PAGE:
So, a valuable lesson learned. We were pretty well equipped, proper boots, waterproof trousers, over trousers, under layers, coats and waterproofs, and several hankies each! Phones were wrapped in dry bags and we had food and water. What we didn't have were head torches or any high vis, we must have been invisible on the road between Ribblehead and Chapel-le- Dale.

The following week it was Ingleborough again, this time from Crina Bottom, and this time we took head torches.

Clapham-based Cave Rescue Organisation (CRO) is the rescue organisation for the area of the Yorkshire Three Peaks says when giving advice on hill safety, it is careful not to make it sound too scary for people unfamiliar with the great outdoors.

A spokesperson said: "During lockdown, we all realised the benefits to our wellbeing of outdoor exercise and so our aim is to educate people to help them enjoy the hills safely. There are some simple steps people can take to make their time out and about in our countryside more enjoyable: * Check the weather for where you will be before setting out. Remember, the weather on the tops of hills can be quite different to down in the car park.

* Sensible shoes/boots with good tread will not only help you keep upright but also can keep your feet warm and dry.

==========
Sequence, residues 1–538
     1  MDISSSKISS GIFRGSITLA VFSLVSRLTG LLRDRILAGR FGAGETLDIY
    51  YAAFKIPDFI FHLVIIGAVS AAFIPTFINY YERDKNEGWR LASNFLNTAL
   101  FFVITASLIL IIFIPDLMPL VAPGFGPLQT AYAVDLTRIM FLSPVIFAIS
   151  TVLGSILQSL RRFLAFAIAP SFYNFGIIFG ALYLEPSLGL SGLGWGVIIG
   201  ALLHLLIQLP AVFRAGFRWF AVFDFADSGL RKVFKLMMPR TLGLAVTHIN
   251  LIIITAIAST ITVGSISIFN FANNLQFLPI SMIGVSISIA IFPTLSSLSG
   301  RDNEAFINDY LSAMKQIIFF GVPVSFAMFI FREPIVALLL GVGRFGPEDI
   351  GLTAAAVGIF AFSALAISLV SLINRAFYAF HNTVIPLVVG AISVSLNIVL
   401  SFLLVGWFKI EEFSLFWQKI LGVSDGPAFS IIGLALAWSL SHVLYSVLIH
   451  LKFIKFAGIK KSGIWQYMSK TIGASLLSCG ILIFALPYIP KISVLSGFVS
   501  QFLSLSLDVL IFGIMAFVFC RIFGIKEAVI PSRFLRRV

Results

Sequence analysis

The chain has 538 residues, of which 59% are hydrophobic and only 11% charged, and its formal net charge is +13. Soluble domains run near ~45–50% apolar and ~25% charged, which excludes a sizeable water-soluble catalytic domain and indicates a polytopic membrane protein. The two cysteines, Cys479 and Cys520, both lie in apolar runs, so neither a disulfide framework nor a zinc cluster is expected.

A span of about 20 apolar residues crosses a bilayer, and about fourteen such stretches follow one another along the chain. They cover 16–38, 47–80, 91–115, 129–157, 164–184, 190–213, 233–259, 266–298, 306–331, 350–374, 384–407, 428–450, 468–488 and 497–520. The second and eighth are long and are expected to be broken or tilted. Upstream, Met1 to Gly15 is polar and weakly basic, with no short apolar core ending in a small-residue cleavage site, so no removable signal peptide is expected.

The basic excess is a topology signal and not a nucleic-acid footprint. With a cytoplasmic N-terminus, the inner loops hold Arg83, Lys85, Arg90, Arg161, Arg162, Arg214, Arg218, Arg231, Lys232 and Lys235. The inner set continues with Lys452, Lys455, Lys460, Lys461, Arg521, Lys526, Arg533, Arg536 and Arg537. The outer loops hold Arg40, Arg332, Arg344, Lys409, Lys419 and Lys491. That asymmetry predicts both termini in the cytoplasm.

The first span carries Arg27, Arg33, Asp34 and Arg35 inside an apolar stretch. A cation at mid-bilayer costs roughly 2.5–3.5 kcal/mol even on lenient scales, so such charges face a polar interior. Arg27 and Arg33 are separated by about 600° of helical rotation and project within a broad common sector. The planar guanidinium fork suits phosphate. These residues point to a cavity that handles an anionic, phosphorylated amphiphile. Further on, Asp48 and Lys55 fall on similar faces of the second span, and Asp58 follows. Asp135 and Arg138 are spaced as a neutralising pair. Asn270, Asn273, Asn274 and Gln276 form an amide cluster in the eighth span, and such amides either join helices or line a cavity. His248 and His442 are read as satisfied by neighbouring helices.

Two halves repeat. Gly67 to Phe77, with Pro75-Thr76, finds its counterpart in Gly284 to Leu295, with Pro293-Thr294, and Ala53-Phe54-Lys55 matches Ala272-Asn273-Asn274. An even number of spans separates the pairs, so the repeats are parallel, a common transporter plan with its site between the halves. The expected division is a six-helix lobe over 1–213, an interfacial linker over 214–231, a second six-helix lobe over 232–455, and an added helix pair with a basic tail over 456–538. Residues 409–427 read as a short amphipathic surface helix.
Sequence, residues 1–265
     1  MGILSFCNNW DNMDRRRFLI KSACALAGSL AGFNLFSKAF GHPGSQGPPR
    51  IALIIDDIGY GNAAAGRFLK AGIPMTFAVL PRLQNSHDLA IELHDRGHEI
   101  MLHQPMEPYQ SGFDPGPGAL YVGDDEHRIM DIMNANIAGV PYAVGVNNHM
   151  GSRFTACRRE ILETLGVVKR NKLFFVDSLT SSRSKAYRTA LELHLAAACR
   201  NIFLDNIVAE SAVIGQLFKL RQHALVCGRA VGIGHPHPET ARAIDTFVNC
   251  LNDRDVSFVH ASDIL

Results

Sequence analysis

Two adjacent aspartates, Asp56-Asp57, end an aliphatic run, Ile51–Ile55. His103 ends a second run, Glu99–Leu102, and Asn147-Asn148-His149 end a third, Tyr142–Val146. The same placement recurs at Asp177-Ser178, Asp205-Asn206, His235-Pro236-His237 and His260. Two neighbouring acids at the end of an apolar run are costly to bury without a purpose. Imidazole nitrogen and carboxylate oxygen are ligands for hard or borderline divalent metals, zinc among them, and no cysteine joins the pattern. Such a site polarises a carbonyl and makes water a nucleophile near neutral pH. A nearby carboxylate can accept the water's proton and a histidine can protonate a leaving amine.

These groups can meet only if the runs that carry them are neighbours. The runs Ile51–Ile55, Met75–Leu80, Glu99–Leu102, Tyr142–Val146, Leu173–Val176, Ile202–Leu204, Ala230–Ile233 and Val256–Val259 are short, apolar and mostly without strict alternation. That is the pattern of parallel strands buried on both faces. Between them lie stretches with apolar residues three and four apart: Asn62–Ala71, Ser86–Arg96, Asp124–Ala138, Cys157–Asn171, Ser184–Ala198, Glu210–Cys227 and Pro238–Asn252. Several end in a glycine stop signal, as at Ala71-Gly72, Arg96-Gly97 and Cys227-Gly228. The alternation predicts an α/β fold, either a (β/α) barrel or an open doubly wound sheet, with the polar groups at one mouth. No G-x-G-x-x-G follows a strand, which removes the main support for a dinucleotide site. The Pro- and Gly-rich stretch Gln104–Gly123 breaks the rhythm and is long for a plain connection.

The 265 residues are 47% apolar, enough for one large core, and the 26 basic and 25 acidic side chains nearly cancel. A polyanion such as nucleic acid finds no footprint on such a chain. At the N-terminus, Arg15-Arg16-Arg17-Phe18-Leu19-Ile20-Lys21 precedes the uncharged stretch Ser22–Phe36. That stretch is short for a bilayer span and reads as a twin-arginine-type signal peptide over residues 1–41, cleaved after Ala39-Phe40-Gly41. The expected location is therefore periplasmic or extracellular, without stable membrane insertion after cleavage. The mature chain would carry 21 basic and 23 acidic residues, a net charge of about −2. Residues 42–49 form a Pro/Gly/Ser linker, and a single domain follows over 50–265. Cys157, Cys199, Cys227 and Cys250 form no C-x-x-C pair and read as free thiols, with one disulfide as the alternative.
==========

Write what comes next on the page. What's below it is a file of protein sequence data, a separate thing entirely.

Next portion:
* A waterproof coat and trousers will keep you dry and help prevent the wind chilling you.

* Layering your clothing can help you regulate your temperature letting you shed layers when working hard uphill or put more on when the temperature drops. Avoid cotton tee-shirts as they will hold onto moisture and can increase heat loss.

* A hat and gloves will reduce heat loss.

* Carry with you a map and compass and know how to use them.

* The days are short at this time of year so carry a head torch (and spare batteries) for when it gets dark.

* We use our phones for so many things these days, and the team often come across people who have been using theirs for navigation, photos, social media and as a torch, only for it to die just when they need to use it as a phone! Carry a power bank to top up your phone, or if you are in a group designate somebody to turn their phone off and keep it for emergencies.

* You wouldn’t drive your car with no fuel and you need energy to fuel your exercise. Carry some water and snacks to help you power up the hills.

* If something does happen and you can’t get off the hill you can chill down quite quickly; a survival blanket, or better still an emergency shelter can help you stay warm while you wait for help.

* Know what to do in an emergency. If you need mountain rescue call 999, ask for Police and when you get through to them ask for Mountain Rescue.

Mountain rescue volunteers are on call 24/7 ready to respond to calls for help but we’d much rather help people be ready for their adventures through a little bit of advice.

This might seem an awful lot of preparation for a simple walk in the country but these simple steps can help you have a grand day out.

For more information go to the following websites: Cave Rescue Organisation -; Mountain Rescue England & Wales -; and Be Adventure Smart -

You can also find out about the Yorkshire Three Peaks on the Yorkshire Dales National Park Authority website.